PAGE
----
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UK Modern Slavery Act (2015) Statement

INTRODUCTION

This statement is made pursuant to section 54(1) of the UK Modern Slavery Act 2015 (the Act) and constitutes the “slavery and human trafficking statement” of The Northern Trust Company (the Bank), Northern Trust Global Services Limited (NTGSL), Northern Trust Management Services Limited (NTMSL) and Northern Trust Global Investments Limited (NTGIL and, together with the Bank, NTGSL and NTMSL, the Reporting Entities) for the financial year ended December 31, 2016. NTGSL, NTMSL and NTGIL are indirect subsidiaries of the Bank, which itself is a subsidiary of Northern Trust Corporation (the Corporation). Except where the context requires otherwise, references to “Northern Trust,” “we,” “us,” “our” or similar terms means the Corporation and its subsidiaries, including but not limited to the Reporting Entities, on a consolidated basis.

Northern Trust firmly believes that all work should be done voluntarily and without slavery, servitude, forced or compulsory labour or the involvement of human trafficking (Modern Slavery). We take the risk of Modern Slavery occurring within our business and in our supply chain seriously and see relationships with suppliers as an opportunity to encourage behaviour and practices that are consistent with our own ethical practices.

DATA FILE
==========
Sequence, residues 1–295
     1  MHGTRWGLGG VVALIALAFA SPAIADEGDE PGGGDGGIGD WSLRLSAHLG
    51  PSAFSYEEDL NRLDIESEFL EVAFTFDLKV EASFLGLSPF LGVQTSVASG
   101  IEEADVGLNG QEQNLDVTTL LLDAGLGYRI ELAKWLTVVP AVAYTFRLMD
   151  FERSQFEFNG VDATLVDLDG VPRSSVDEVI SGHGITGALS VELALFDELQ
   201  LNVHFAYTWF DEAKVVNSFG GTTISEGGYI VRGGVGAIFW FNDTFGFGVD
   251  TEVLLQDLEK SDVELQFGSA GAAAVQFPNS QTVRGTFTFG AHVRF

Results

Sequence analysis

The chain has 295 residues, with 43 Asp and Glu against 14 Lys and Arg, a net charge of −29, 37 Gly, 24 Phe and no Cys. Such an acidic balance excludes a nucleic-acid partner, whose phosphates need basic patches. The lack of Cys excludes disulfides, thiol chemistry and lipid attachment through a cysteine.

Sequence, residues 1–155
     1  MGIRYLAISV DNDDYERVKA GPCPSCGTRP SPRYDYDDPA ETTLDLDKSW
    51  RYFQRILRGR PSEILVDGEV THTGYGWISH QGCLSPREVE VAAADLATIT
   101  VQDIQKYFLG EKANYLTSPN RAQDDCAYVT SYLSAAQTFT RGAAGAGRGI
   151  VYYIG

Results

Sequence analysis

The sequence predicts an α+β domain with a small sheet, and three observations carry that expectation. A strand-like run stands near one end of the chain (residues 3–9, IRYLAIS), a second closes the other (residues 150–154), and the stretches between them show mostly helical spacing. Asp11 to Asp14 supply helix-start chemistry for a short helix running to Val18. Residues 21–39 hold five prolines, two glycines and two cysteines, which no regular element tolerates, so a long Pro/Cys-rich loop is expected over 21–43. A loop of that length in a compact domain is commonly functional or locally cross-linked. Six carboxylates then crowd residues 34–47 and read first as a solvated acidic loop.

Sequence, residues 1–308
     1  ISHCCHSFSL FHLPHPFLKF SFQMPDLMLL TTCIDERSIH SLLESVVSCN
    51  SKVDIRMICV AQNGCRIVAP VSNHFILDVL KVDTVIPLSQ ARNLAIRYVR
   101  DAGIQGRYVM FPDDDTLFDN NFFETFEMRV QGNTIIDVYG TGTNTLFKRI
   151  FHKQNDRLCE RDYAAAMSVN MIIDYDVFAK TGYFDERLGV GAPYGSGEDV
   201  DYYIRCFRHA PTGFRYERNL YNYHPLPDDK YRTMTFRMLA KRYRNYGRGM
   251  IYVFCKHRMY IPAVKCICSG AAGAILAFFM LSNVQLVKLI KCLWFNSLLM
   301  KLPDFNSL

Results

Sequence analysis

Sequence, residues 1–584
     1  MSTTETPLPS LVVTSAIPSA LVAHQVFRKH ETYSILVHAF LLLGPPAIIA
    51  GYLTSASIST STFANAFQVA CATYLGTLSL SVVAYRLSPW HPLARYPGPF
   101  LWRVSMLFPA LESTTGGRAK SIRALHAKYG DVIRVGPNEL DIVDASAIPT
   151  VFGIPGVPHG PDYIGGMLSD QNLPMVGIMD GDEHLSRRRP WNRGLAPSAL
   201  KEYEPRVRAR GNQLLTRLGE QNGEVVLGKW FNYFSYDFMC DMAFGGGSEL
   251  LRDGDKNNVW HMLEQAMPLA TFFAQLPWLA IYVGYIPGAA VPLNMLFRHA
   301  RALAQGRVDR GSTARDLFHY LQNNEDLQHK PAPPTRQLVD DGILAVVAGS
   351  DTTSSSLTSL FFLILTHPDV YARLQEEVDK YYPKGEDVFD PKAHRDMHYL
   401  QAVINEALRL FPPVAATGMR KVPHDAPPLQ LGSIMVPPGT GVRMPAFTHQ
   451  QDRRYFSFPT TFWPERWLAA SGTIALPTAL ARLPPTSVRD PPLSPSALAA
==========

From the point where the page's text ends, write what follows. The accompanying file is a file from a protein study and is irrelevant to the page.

OVERVIEW OF NORTHERN TRUST

Northern Trust Corporation and The Northern Trust Company

The Corporation is a financial holding company that is a leading provider of asset servicing, fund administration, asset management, fiduciary and banking solutions for corporations, institutions, families and individuals worldwide. The Corporation conducts business through various U.S. and non-U.S. subsidiaries, including the Bank. At December 31, 2016, the Corporation had consolidated total assets of $123.9 billion and stockholders’ equity of $9.8 billion.

The Bank is an Illinois banking corporation headquartered in Chicago and the Corporation’s principal subsidiary. Founded in 1889, the Bank conducts its business through its U.S. operations and its various U.S. and non-U.S. branches and subsidiaries. At December 31, 2016, the Bank had consolidated assets of $123.5 billion and common bank equity capital of $8.6 billion.

Northern Trust’s Business

Northern Trust focuses on managing and servicing client assets through two client-focused segments: Corporate & Institutional Services (C&IS) and Wealth Management. Asset management and related services are provided to C&IS and Wealth Management clients primarily by the Asset Management business.